Disable internal keyboard when external keyboard is connected

Photo by Chris J. Davis / Unsplash


Check the Github Gist I made for this post.

You should try put your HHKB on your laptop

I really do enjoy putting my HHKB on my laptop while I'm working with it, this habbit follows me when I was using my Macbook pro with butterfly keyboard. This keyboard feels good at first, however, lack of ESC and multiple issues made me can not stand it anymore. Some day I found out there's alot of people putting their HHKB on Macbook and it sit flush, moreover, because some magic coincidence design of HHKB, it will sit flush on Macbook pro without touching any keys. Soon I follow this, I have the most satisfying typing experience in my life. This habbits follows me for couple of years.

Time goes by, my Macbook pro can't catch up my workspace anymore, so I bought a Asus G14 2021 with top-spec at the time, full on Arch mode. Sadly when I try to put my HHKB on it keyboard doesn't fit on inbuilt keyboard, so if you going to put your HHKB on your laptop like on Macbook pro, you will have to disable built-in keyboard.

Let the scripting begins

At first I wrote a simple script manage to disable my built-in keyboard.


# use $ xinput list to check your keyboard name
deviceName="Asus Keyboard"
# awk is the command to split return the string which is greped with command grep.
# In '{print $4 }', $n is the number of column of the string.
# You should be test it before put this into command down below.
builtInId=$(xinput list | grep $deviceName | awk '{ print $4 }' | grep -Eo '[0-9]{1,2}' | sort | head -n 1)

case $1 in
      xinput disable $builtInId
      # dbus-launch is needed for send notification.
      dbus-launch notify-send "HHKB Connected..." \ "Internal keyboard disabled !";;
      xinput enable $builtInId
      dbus-launch notify-send "HHKB Disconnected..." \ "Internal keyboard enabled !";;

This script is able to be run by direct execution, however I often found myself to run the command before I put my keyboard on the laptop. I start to search for an automation solution. There are not a single step-by-step tutorial for this kind of situation. After some digging on the internet I decide to put some work with udev.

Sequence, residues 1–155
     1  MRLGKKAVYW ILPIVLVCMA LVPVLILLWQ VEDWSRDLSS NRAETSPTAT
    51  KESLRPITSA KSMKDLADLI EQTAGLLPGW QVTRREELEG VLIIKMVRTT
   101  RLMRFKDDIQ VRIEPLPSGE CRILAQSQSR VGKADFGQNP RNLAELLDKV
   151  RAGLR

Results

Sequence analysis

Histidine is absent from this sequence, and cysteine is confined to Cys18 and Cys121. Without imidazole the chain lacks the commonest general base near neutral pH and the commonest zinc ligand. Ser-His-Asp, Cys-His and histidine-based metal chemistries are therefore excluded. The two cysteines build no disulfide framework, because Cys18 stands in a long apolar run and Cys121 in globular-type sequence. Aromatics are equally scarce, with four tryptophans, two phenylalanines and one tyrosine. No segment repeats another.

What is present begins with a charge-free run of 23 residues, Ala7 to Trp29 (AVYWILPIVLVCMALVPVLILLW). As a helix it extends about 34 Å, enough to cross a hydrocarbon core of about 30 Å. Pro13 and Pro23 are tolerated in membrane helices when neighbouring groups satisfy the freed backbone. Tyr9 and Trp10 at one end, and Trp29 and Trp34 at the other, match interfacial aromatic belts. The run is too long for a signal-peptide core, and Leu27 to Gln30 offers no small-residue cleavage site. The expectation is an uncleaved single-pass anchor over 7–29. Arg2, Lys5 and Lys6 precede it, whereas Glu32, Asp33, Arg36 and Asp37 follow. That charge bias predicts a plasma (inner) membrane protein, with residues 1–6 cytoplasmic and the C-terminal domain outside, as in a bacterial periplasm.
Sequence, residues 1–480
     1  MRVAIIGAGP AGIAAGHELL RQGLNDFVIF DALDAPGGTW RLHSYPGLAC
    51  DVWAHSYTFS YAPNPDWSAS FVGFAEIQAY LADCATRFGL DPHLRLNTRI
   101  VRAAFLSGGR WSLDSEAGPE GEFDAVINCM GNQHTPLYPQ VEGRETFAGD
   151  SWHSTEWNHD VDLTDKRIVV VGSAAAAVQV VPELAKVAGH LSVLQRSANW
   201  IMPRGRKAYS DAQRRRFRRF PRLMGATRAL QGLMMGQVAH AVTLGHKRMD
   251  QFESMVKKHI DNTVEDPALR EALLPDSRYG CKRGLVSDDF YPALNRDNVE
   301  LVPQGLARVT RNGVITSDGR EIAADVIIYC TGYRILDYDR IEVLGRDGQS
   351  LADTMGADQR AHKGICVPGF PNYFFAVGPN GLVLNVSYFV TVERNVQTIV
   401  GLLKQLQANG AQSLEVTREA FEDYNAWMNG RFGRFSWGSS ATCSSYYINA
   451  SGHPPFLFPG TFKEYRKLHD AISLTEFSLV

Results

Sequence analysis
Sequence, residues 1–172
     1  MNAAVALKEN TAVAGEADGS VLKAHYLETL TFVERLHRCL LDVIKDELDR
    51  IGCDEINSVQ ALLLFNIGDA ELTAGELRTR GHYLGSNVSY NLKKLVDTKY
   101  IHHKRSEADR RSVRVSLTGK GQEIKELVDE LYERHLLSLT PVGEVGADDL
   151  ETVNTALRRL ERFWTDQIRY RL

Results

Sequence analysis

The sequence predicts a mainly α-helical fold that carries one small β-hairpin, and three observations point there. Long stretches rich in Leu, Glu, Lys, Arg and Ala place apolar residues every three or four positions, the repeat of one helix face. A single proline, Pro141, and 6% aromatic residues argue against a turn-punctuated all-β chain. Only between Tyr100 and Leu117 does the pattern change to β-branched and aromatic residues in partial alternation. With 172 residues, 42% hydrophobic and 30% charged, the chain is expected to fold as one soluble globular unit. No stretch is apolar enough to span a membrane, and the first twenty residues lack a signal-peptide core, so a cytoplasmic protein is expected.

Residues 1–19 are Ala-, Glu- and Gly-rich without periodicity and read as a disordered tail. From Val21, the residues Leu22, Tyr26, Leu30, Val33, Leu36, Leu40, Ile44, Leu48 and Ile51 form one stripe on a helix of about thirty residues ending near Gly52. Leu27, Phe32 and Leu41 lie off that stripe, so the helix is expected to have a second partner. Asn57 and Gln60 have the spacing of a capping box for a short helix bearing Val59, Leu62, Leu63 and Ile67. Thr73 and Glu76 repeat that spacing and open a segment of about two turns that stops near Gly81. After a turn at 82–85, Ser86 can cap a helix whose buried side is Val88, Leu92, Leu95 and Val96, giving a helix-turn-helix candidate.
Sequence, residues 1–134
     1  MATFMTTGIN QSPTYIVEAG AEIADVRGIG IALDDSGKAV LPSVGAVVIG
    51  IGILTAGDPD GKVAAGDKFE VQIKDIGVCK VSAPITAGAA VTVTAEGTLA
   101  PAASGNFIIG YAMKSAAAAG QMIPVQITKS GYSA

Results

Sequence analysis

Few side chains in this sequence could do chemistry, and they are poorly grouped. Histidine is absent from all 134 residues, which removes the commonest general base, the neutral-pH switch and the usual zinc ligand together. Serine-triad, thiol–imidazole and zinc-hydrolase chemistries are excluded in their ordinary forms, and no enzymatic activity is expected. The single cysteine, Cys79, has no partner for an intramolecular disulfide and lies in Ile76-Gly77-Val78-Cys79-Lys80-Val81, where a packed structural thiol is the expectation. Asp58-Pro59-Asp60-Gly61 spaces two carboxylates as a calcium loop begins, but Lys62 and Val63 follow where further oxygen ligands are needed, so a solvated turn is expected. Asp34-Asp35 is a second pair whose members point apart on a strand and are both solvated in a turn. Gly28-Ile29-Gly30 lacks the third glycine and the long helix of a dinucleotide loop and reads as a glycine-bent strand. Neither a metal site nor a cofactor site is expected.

What is udev?

According to well explaination on opensource.com:

Udev is the Linux subsystem that supplies your computer with device events.

In another word, we can make a script to run whatever we need it to, whether it's connected, disconnected or even state chaging. Consider it like a event trigger for external devices.

What we should do here is we are going to create a rules. First, user rules should located at /etc/udev/rules.d/. Second, file name should formate like xx-name.rules, xx present as number from 00 to 99, udev loads it's config with accending order by these two digits.

From Arch Wiki you can see how to make a simple rules. The concept is the rule have to pin-point the device. Normally ID_VENDOR_ID and ID_MODEL_ID will do the job, although there are some exceptions, so you should read through whole wiki before complaining the rule doesn't trigger.

The structure of the rule is quite simple:

# When HHKB is connected
ACTION=="add", SUBSYSTEM=="usb", ENV{XAUTHORITY}="/home/user/.Xauthority", ENV{DISPLAY}=":0", ATTRS{idVendor}=="0853", ATTRS{idProduct}=="0100", RUN+="/home/<username>/bin/hhkb.sh add"
# When HHKB is disconnected.
ACTION=="remove", SUBSYSTEM=="usb", ENV{XAUTHORITY}="/home/user/.Xauthority", ENV{DISPLAY}=":0", ATTRS{idVendor}=="0853", ATTRS{idProduct}=="0100", RUN+="/home/<username>/bin/hhkb.sh remove"

You can see I've add two more ENV parameters. Both of them are for dunst to display notification if script is triggered. When udev trigger a rule, it will run as root in non-Xorg environment, therefore we need to give udev current user's Xorg cookie (which is .Xauthority located inside ~ directory), let root access the user environment so it know what DISPLAY we are going to use (most of the case you can do echo $DISPLAY to check). You can see .Xauthority as a login cookie for current user, and DISPLAY as the monitor desire to display notification.

Ubuntu version above 10.10 seems remove .Xauthority from ~, try echo $XAUTHORITY to see if you can locate the cookie file.

There are some posts online says that you can also add these two environment variable inside your script, however I find myself it is more confortable to let it sit inside rules files since I'm the only one using this machine.

Script is ready, Rules are set, now what?

First of all, put your script into ~/bin or any directory inside your PATH, remember to chmod +x hhkb.sh, after that xx-hhkb-events.rules to /etc/udev/conf.d/. After two files are ready, run udevadm control --reload as root. Unplug your keyboard and see the magic happens!

mv xx-hhkb-events.rules /etc/udev/conf.d/
mv hhkb.sh ~/bin
chmod +x ~/bin/hhkb.sh

It worked! I wanna do some more automation!

There are tons of automation can be done with udev, such as battery level warning, temperature warning, even disable your trackpad when your mice / dungle is plugged in. All you need to do is mock the rules file above, and change the idVendor and idProduct to your desire device, write the script and you are good to go.

You can check all the attributes by using udevadm info --attribute-walk --path=<device>, and by using udevadm monitor --environment, unplug and see the environment value.


My laptop have two "Asus Keyboard" list inside xinput list, one is for function keys and one is for keyboard. Make sure you disable the right one or both of them, from my case I just disable the keyboard but not function keys is enough for me.


If you are using HHKB and also like to use it's layout when using built-in keyboard, add setxkbmap -option (reset mapping) inside add case and setxkbmap -option ctrl:swapcaps,altwin:swap_lalt_lwin inside remove case.